In a short period of time the coronavirus crisis has disrupted most aspects of Australian life – the economy, our social and cultural activities, education, health, and transport. It is becoming exceedingly clear to the public the extraordinary role that doctors, and nurses have played during this pandemic.
Not just those in the front line but for all health professionals who have had to adapt and change their practice at remarkable speed. Take a moment to think of the doctors and nurses changing how they provide healthcare, consultations done using telehealth for example or providing care behind face masks and in high-risk cases PPE. I have assisted in births where women cannot see your encouraging smiles behind a mask and then watch as they tearfully facetime family and friends. We provide comfort in moments of isolation.
Consider the increased amount of paperwork that must be done to screen and track patients before arrival at hospitals, General Practices and in aged care. Over archingly as health professionals we have worked as a co hesive team. This effective collaboration has been crucial for providing the most efficient and best quality care for patients under extraordinary circumstances.
This is the second time in my career as a nurse and midwife that I have witnessed effective collaboration in the workplace between health professionals and level of fear in the community in response to a health crisis. I remember vividly in my first years as a student nurse in the 1980’s at Royal North Shore Hospital seeing male patients with AIDS-related Kaposi’s sarcoma. Medical authorities were grappling to understand and contain the disease and the public bore witness to The Grim Reaper commercial aimed at raising public awareness (and a great deal of fear) on the dangers of AIDS.
However, the HIV/AIDS crisis of the 1980s transformed the social and political landscape in unexpected ways and now in 2020 we should be harnessing all the support shown to health professionals especially to nurses, the largest part of the professional health workforce by raising our profile and making our contribution to the health team central to health policy. Those wonderful hand clapping sessions witnessed in the UK in gratitude to healthcare professionals on the frontline -those hands are not empty vessels making the most noise.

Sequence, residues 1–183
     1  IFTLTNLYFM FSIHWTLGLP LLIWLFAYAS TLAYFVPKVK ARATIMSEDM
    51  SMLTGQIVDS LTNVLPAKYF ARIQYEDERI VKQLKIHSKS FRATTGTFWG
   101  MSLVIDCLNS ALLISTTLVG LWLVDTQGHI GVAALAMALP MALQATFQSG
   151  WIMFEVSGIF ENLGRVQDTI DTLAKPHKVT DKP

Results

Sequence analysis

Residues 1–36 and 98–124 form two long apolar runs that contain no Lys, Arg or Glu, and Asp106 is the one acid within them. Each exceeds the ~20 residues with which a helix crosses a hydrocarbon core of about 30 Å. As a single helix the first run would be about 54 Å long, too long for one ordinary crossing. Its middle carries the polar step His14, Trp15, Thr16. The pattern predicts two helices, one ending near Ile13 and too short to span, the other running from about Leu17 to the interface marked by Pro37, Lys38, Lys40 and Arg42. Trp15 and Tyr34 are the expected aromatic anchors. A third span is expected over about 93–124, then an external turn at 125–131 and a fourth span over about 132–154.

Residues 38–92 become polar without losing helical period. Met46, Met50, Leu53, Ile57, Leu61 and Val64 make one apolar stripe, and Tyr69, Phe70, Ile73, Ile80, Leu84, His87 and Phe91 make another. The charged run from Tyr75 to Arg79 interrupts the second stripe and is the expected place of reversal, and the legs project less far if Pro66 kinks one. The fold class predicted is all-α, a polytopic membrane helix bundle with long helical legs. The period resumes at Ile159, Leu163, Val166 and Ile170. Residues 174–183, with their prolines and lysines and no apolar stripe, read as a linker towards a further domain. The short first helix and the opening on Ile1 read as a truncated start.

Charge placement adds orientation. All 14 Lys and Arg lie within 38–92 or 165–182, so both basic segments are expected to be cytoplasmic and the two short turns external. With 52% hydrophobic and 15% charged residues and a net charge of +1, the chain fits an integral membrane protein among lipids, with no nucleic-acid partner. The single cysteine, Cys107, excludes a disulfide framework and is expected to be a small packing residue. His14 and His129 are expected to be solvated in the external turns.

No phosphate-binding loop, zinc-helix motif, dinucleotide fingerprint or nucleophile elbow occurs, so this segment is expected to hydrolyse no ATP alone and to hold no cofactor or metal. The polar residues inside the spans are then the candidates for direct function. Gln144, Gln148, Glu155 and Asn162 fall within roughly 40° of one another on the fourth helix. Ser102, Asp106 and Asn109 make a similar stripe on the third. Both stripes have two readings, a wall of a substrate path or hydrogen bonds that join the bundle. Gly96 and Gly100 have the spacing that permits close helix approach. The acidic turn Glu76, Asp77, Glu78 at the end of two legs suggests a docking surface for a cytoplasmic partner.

Now is the time to act to develop a more sustainable and responsive health workforce, to take note of the expertise of nurses, for doctors and nurses to work in collaboration, mutual respect while maintaining a commitment to high quality, easily accessible healthcare, and safe health outcomes for our patients.
The Australian health care system is indeed a complex mix of federal and state government funding and responsibility, policy decisions are weighted heavily towards the medical doctors, there is resistance to nurses from the Royal Australian College Practitioners and there is certainly a palpable turf war, but this is much much bigger than this. Nurses and doctors must respect each other’s autonomy, professional skill, and capability.
I imagine that the public are totally unaware of the extent that medical doctors have in setting policy direction or indeed the existence of a turf war. I am unsure that many of my nursing and midwifery colleagues are aware of the extent as well.
Now is the time to harness positive public awareness of the value of nurses, what we are seeking from Minister Hunt is a modern-day Joan of Arc someone equipped with the skill and strategic knowledge to lead a whole nation to a paradigm shift in delivering healthcare, increasing nurses’ scope of practice that spans legislation, administrative and professional domains.
Discipline Lead Stage 2 Obstetrics & Gynaecology
Obstetric and Gynaecology Lecturer
Department of Clinical Medicine
Faculty of Medicine, Health & Health Sciences,Macquarie University